Someone's in the Kitchen with Grandma...

Baking sugar cookies...We had a great time baking and icing our cookies. Auntie Linda stopped by and helped us eat the 'testers'. As she said, "If you don't test them, you'll never know if they're any good!" We tested quite a few.
Please forgive me for the constant tinkering with pictures and layout of my blog. This blogging thing is like an itch you can't scratch! I'm still not satisfied, but it's getting better. My latest photo is of me and my nephew (yes, nephew!) Duane, circa 1957. Note the old wooden sidewalks in the background. We lived in a 'company house'; provided by the Bloedel Donovan lumber mill where dad worked. This must be where I learned how to love old, simple things!


Monday, November 10, 2008

Veteran's Day Tribute

A heartfelt thank you to every Veteran who has proudly and honorably served this country and it's citizens. And a salute to my eldest brother, Raymond Miller, retired US Airforce and a decorated Veteran of the Vietnam War. And in memory of my brother Dallas Miller, also an Airforce Veteran, now stationed in Heaven. Many people talk about patriotism, but you live it.

Love you,


Sunday, November 9, 2008

There's nothing sweeter than a sleeping baby...

Rainy Saturday

Every Saturday morning Kelly and I amble up the road to Homestead Farms. If it's fairly decent weather we walk. If its pouring we drive. Homestead is a local farm-style golf club and resort about 1/2 mile from our house. They have scrumptious home-made berry scones and carrot muffins. Kelly always has a 16 ounce Tully's coffee. I sip on Chamomile tea. We sit by the fire and discuss our plans for the weekend. Sometimes we buy the Saturday Herald. He reads the sports-I check out the ads. I hope we continue this ritual well into our old age. So 20 years from now, if you happen to be visiting Homestead on a Saturday morning, look for us. We'll be the old couple, sitting by the fire.

Friday, November 7, 2008

The Fire Within

Oh what a paradox--a Mystery revealed

That the Source of all my discontent

Is God.

And the End to all my discontent

Is God.

He builds an altar in my soul and kindles an holy fire;

Like Moses I turn aside to see the bush that burns

still unconsumed by flames

And there I find the Answer

to the Question I never asked.

D. Rorvig

Thursday, November 6, 2008

How About Them Apples?
My husband has been bringing home bags of windfall apples collected from a co-worker's apple orchard. I've been busy making pies and fresh applesauce, and of late, apple-oatbran muffins. As I peel these diminutive (this is a kind term) beauties, I have plenty of time to think back to earlier days in my life. Splendid, golden autumn days; crisp as the apples on the trees, and just as tangy sweet. Mom had been through the Great Depression, so we never wasted anything. And we knew how to can. Dad had planted a mammoth garden; at least it seemed that way to me, as the designated weeder and hoer. We had rows and rows of Blue Lake beans, Golden Jubilee Sweet corn, his favorite Beefstake tomatoes, and don't forget the spuds! I loved digging those spuds out of the ground. It was like searching for buried treasure. If I was really lucky I'd convince mom to take the small potatoes and make creamed potatoes, sweet peas and baby carrots for supper. The apples, however, grew next door in the Attolini's orchard. This orchard was my personal fast-food playground. The Atollini's didn't mind. I suppose that today if one was lucky enough to have an orchard, visions of lawsuits would dance in your head; should your little neighbor girl be seen swinging tenuously from the uppermost branches, straining to reach the most humongous apple she'd ever seen; which of course was always at the top of the tallest tree. Sometimes I fell, but usually not-and I am alive to tell the story! Ah, for simpler days! Forgive me the digression. The Attolini's were generous folks, and always offered us all of the apples that we could pick. So mom would send me over with several paper bags we'd saved from the Safeway store, and I would pick apples until my arms ached from reaching. Getting those bags home was no small task, for a bag full of apples is quite a load for a little girl. Invariably some fell out, and these became my juicy reward for all of my labor. It usually took me about 30 minutes and 4 eaten apples to finally drag my bags of apples into our kitchen. We'd dump them, bag by bag, into our old porcelain kitchen sink filled with water. Then we'd set our old gray-vinyl and aluminum kitchen chairs right next to the sink, along with two bowls- one to peel into and one to put the peeled apple slices into. Dad and I sat and peeled while mom cooked the applesauce. Dad used his favorite jack-knife, and I used the old wood handled paring knife. In case you wonder, yes, I did cut myself a few times; just part of the educational process-and I learned pretty fast! Finally, we poured the steaming applesauce into jars as mom carefully wiped each rim so the seal would not be broken. Into the waterbath they went. Then out. It was a suspenseful time as we waited for the 'POP, POP, POP' of the jar lids, indicating that the seal was good. The kitchen was a cinnamony steam bath by the time we were done. It's hard to remember, but I seem to recall that we usually canned 50 quarts or so. Enough to eat all winter long for lunch or supper, and plenty to share with friends and neighbors. If you were sick, or down on your luck, you could count on getting a few jars of our applesauce along with other tasty preserves from our garden. It's all we had to give. But it was always enough.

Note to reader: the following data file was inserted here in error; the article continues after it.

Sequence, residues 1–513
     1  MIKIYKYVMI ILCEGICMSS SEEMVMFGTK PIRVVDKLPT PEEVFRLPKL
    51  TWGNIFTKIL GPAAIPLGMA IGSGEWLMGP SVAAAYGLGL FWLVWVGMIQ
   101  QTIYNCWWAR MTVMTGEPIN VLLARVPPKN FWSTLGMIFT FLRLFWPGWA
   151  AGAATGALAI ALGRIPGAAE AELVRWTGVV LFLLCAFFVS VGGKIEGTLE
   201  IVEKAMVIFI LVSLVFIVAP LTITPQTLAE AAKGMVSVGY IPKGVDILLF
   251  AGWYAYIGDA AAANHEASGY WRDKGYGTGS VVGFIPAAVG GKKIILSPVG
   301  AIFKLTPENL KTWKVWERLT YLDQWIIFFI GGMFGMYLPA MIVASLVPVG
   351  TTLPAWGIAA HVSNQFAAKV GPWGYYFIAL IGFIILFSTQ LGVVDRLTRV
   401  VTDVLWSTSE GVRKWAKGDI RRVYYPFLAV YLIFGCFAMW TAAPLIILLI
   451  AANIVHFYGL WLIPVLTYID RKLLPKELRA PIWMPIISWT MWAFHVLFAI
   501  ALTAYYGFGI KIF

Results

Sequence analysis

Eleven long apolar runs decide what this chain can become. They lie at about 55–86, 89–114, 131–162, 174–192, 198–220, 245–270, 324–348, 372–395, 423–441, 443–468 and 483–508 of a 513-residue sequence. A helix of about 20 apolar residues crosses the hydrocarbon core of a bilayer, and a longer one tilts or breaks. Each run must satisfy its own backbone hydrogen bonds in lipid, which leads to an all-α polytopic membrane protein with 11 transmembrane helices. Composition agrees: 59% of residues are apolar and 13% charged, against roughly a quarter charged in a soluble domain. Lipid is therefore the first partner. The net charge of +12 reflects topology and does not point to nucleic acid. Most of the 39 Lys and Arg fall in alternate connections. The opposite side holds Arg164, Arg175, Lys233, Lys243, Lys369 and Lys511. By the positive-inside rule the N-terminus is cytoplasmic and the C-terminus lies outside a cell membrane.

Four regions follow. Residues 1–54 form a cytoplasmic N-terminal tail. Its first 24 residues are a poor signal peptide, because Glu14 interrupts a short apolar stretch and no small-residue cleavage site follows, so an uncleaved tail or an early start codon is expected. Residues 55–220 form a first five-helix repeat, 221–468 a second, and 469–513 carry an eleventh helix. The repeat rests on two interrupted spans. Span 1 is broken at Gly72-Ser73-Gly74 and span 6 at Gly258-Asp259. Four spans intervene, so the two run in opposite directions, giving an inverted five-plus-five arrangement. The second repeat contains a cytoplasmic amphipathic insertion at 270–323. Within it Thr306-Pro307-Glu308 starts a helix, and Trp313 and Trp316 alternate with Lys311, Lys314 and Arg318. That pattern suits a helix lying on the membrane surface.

Apple Oat-Bran Muffins
(an adaptation of Gibb's Oat Bran Muffin recipe from "Simplify Your Life")
2 1/2 c. oat bran (not bran flakes)
1 tbsp baking powder
1/2 cup honey
2 tbsp chopped nuts (your choice)
handful of raisins
1 1/4 cup nonfat milk
1 egg
about 1 cup of pared, slice, then grated apple
cinnamon to taste
Combine all dry ingredients in a mixing bowl. Blend all other ingredients into a puree and add to the dry ingredients. Spray muffin tins with non-stick and fill with apple mixture.
Bake at 425 until top of muffins are brown, about 12-15 minutes. Eat fresh or freeze for later use.

Wednesday, November 5, 2008

The Theme is Change

Today is the day after an historic election. Barack Obama will become our president in a few short months. He promises change. It was an emotionally moving sight to watch as he and his lovely family stood on the platform last night; so young, so exuberant, so full of hope for the future. President-elect Obama stands for so many things. He represents the end of centuries of struggle for African Americans. He represents the youth of our country. And his theme is Change. And though I didn't vote for him, I find myself hoping that he is able to bring about some of the changes he has promised. But I know deep inside that many of the things we seek will not, and cannot come from our government. What moves a person from a place of despair to hope; from hostility to peace; from self hatred to self esteem? Where does one find courage in the midst of the battle? Will policies cause me to love my neighbor as myself? No, for these things we must look beyond our government. We must lift up our eyes unto the hills from whence comes our help...our help comes from the Lord. I will honor my new President and I will pray often for him. And I will pray for change in myself, my country, and it's leaders.